Udaipur: The compensation period to states for any loss of revenue under the Goods and Services Tax regime, which ends in June, must be extended by another three years, given the challenging economic situation and poor financial health of the states, the Congress party demanded on Saturday.
India must also “reset” its economic policies, 31 years after the government ushered in economic reforms, to take into account “global and domestic developments” as well as “social inequalities” and tweak the policies “for the next 10-20-30 years,” it said. The party will push the policy changes as a part of its 2024 manifesto.
Addressing the media at the Congress’s Chintan Shivir (brainstorming workshop), former finance minister P Chidambaram demanded an extension of the compensation period and announced that the party would “strongly disapprove” any attempt of the government to prevent the GST Council from seeking such an extension.
The GST law allowed a five-year period for compensating states of any loss in tax revenues after the implementation of the Goods and Services Tax in July 2017. The compensation window ends in June.
Thirty one years after he accompanied Manmohan Singh, then finance minister, in ushering liberalization through economic reforms in 1991, Chidambaram, who was then commerce minister, now pitched for another “reset” in economic policies.
“We believe that we must prepare the Indian economy and the Indian workforce to adapt to the ways in which industry, business and trade will be conducted in the 21st century, with the greater use of automation, robotics, machine learning and artificial intelligence,” he said. “We believe that important changes in economic policies will be required in the light of climate change and the need for mitigation and adaptation.”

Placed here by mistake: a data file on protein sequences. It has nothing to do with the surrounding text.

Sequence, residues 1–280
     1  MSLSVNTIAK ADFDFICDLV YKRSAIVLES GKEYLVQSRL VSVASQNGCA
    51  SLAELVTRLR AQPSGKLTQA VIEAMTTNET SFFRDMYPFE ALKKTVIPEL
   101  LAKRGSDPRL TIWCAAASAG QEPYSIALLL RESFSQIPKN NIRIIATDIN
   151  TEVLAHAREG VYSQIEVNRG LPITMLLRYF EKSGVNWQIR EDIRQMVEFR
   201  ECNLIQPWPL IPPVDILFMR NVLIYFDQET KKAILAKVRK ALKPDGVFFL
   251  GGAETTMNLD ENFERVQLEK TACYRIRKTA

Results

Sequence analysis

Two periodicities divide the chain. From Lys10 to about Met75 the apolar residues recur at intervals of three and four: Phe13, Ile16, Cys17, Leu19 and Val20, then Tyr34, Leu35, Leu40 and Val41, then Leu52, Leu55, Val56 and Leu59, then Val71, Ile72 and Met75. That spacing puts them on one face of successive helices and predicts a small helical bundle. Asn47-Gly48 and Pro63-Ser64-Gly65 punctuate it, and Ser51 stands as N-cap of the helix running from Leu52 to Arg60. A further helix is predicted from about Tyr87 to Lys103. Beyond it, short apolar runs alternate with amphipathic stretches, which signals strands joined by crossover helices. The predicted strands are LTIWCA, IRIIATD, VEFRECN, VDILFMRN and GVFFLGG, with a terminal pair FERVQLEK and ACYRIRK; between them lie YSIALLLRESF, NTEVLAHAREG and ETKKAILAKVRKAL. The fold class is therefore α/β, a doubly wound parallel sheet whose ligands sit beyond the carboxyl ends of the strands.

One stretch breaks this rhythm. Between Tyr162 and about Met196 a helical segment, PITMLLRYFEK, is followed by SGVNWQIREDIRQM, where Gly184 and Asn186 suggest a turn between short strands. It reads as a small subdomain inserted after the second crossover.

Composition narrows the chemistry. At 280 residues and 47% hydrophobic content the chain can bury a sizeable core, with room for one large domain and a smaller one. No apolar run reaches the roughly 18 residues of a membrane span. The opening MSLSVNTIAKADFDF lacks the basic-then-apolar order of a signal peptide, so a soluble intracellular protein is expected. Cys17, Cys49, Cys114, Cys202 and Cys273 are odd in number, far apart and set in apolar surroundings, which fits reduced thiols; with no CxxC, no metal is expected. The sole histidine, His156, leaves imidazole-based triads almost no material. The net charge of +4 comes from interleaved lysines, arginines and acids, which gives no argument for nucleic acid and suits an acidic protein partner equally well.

Recalling his first experience in policymaking in 1991, Chidambaram said, “We are now 30 years down the road. The world is changed, India is changed. A reset means taking into account global and domestic development and fine tuning the policies that have obviously given us benefits, but clearly a time for reset has come.”
“While we acknowledge that we have reaped enormous benefits as a result of liberalization, we have to take into account global and domestic developments, and reset our policies for the next 10-20-30 years,” he added.
He described the current state of economy as “a matter of extreme concern”, slammed the Reserve Bank of India for falling “behind the curve” in tackling inflation and said: “Inflation has risen to unacceptable level. The WPI (Wholesale Price Index) is at 14.55% and the CPI (Consumer Price Index) is at 7.9%. There are high taxes on petrol and diesel and high GST tax rates. The job situation has never been so low, with 40.38% job participation rate and unemployment rate at 7.83%.”
The time is ripe for a comprehensive review of Centre-state fiscal relations, the veteran Congress leader said. “The consequences of the poorly drafted and unfairly implemented GST laws brought in by the Modi government in 2017 are there for every one to see,” he said. “The states’ fiscal position is fragile as never before and needs urgent remedial measures.”
He rejected the government’s plea that high inflation rates are a result of the Ukraine war as “lame excuse” and argued that “high inflationary trend was noticed in pre-Ukraine. The Ukraine war has added to our problem.”
While unpaid GST compensation has remained a tricky issue between the state and the Centre, Chidambaram claimed there is a “complete breakdown of trust” between the central Government and the states, including some states ruled by the Bharatiya Janata Party.